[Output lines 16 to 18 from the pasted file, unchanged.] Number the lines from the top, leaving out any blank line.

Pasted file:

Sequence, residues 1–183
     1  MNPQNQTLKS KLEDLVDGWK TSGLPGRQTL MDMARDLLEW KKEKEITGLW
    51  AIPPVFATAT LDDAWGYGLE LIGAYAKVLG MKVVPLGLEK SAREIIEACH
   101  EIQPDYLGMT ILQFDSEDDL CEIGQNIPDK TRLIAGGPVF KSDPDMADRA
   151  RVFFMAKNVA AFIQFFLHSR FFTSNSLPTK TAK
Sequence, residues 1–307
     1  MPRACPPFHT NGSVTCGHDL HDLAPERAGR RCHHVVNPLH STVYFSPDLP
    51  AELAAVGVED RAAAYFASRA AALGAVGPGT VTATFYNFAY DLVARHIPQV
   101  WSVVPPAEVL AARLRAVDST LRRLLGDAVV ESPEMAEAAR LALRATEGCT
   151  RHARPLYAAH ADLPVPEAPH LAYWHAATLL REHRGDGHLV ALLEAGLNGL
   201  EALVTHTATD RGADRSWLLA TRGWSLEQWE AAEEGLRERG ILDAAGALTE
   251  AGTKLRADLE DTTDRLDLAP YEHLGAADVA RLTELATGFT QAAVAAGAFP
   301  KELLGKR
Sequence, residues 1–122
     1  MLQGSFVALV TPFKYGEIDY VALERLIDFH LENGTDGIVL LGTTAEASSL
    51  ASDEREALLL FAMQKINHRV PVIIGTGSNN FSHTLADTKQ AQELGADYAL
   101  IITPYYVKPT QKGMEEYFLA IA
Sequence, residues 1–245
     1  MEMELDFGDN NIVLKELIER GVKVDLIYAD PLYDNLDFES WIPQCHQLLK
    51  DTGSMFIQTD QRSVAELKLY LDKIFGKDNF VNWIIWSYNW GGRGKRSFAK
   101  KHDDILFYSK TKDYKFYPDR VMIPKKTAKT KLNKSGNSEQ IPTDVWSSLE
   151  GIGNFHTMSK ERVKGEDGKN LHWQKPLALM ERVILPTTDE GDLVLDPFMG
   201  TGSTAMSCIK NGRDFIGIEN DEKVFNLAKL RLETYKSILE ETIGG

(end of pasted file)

    51  ASDEREALLL FAMQKINHRV PVIIGTGSNN FSHTLADTKQ AQELGADYAL
   101  IITPYYVKPT QKGMEEYFLA IA
Sequence, residues 1–245